Most retailers avoid building their own platform, unless there is a demonstrable cost advantage. In fact, some organizations simply need better implementation and configuration to optimize for the current platform’s capabilities.

Convincing your team to replatform.

When organizations launch an replatforming initiative, there will be conversations surrounding sunk costs, including the time, energy, and money that the organization has previously invested in building and maintaining the current eCommerce platform. 

The replatforming process can lead to confusion regarding the project scope and timeline. In fact, many will fear that replatforming might actually hurt the business, lower conversion rates, and damage SEO rankings. 

How long does an eCommerce replatforming take? 

eCommerce replatforming can take anywhere from 8 weeks to well over a year, depending on an enterprise’s rollout strategy. Scope and complexity may vary, but the overall process remains the same. 

If a smaller enterprise selects a Shopify platform with a pre-existing theme, for instance, the process can take just 8-12 weeks, depending on the level of customization and the number of third-party integrations.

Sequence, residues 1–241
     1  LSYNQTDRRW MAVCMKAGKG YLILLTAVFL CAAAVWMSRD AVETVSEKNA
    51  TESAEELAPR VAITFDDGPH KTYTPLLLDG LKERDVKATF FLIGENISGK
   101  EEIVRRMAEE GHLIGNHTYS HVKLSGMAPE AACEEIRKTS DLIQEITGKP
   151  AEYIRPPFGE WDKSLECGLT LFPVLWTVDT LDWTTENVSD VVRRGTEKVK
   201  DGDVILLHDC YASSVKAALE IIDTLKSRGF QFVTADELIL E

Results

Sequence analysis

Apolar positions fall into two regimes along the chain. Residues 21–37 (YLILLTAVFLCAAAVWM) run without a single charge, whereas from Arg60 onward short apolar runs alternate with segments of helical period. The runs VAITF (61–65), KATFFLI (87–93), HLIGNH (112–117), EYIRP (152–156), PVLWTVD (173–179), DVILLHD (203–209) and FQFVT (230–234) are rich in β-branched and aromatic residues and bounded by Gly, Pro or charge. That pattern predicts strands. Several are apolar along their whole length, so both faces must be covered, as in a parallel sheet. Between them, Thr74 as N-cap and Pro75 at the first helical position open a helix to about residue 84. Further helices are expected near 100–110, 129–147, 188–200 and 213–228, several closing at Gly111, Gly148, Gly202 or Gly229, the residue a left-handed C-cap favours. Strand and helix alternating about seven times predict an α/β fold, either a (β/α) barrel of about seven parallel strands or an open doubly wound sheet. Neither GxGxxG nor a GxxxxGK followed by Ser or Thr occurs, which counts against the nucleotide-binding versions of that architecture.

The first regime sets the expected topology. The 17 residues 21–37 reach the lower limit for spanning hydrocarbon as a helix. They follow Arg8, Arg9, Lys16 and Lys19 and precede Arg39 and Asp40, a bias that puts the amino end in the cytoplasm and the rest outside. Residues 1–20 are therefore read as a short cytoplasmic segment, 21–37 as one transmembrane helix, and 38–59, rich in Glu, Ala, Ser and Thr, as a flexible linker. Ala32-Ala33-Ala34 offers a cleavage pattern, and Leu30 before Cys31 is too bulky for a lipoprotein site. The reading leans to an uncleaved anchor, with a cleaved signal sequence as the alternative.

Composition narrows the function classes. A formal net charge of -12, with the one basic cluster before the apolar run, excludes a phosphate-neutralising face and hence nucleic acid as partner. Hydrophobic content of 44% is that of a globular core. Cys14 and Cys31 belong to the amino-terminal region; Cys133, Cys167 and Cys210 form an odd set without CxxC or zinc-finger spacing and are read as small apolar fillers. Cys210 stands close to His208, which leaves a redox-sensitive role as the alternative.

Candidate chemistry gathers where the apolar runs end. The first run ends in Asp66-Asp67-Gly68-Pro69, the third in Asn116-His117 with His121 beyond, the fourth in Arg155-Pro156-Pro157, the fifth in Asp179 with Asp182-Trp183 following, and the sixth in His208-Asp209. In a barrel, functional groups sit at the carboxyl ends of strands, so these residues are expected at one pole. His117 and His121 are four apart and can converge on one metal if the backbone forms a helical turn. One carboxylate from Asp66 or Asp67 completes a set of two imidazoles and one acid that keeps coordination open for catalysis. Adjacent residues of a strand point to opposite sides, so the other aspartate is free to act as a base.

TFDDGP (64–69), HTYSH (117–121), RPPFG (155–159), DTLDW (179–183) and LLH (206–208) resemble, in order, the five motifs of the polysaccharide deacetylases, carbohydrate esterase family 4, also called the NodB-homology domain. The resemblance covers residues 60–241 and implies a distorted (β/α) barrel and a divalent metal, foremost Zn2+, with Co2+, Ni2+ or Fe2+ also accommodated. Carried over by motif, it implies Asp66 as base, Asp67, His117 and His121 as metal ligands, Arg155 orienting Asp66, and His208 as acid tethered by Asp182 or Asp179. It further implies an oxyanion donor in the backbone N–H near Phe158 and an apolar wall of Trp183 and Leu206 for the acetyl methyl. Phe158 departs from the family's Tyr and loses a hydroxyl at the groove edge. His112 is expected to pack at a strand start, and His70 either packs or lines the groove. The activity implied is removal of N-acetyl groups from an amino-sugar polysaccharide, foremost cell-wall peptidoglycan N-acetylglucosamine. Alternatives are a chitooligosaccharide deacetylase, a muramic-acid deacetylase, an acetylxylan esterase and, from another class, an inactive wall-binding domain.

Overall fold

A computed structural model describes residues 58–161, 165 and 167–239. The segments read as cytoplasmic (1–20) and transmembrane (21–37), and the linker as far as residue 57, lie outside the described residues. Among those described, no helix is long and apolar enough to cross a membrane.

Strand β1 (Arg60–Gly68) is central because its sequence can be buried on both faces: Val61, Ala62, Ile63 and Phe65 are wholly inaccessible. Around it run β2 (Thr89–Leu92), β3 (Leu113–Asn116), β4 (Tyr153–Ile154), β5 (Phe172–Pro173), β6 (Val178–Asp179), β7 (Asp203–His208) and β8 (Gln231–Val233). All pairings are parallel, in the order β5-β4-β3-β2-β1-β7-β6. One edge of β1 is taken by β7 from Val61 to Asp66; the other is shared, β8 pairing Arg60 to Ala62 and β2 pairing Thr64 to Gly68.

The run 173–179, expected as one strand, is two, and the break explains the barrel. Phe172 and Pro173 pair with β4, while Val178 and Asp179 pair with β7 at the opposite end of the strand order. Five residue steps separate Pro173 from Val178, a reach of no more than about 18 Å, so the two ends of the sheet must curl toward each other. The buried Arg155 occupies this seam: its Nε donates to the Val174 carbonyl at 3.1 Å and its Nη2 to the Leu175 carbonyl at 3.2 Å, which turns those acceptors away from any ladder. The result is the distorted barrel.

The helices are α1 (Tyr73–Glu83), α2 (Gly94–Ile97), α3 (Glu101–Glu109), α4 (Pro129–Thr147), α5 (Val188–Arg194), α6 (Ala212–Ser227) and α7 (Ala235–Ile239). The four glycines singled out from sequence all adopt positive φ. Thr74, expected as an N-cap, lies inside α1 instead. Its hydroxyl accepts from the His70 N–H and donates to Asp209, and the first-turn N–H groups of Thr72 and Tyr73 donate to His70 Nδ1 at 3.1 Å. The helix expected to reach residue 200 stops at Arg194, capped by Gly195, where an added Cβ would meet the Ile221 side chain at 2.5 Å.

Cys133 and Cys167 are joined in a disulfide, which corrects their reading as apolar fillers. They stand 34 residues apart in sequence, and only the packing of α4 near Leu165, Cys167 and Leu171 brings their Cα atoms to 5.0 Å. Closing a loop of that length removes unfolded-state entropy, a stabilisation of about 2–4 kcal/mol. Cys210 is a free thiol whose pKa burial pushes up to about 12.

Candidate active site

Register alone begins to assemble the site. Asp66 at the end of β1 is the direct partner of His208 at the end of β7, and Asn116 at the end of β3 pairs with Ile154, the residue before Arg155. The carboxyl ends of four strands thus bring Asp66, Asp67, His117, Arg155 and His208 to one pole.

For larger enterprises, the process inherently requires extensive customization, since the pre-existing systems are more complex. This means the process can potentially take over a year to complete. 

When should an enterprise start replatforming? 

eCommerce replatforming should be a business decision, first and foremost. 

Some legacy platforms lack the agility to deliver changes fast, while other platforms rely far too much on integration and extension partners. Meanwhile, many legacy systems still can’t integrate with newer financial tools such as Stripe and Apple Pay. 

Here are some key reasons why eCommerce companies and retailers should consider replatforming.

    • Bounce rates are up, pages are slow, and conversion rates are down
    • You’re hoping to decrease your company’s cart abandonment rate
    • Customers, even loyal ones, are complaining about the website’s user experience 
    • Your eCommerce site routinely takes more than 3 seconds to load 
    • The admin panel makes it difficult for your team to perform everyday tasks
    • The cost of maintaining the platform has become cost prohibitive and is no longer sustainable
    • The platform is not up to par with top competitors 
    • Certain platform features are becoming obsolete
    • Technical errors and UX design flaws are negatively impacting your conversion rates 
    • The platform is slowing down the website and damaging search engine rankings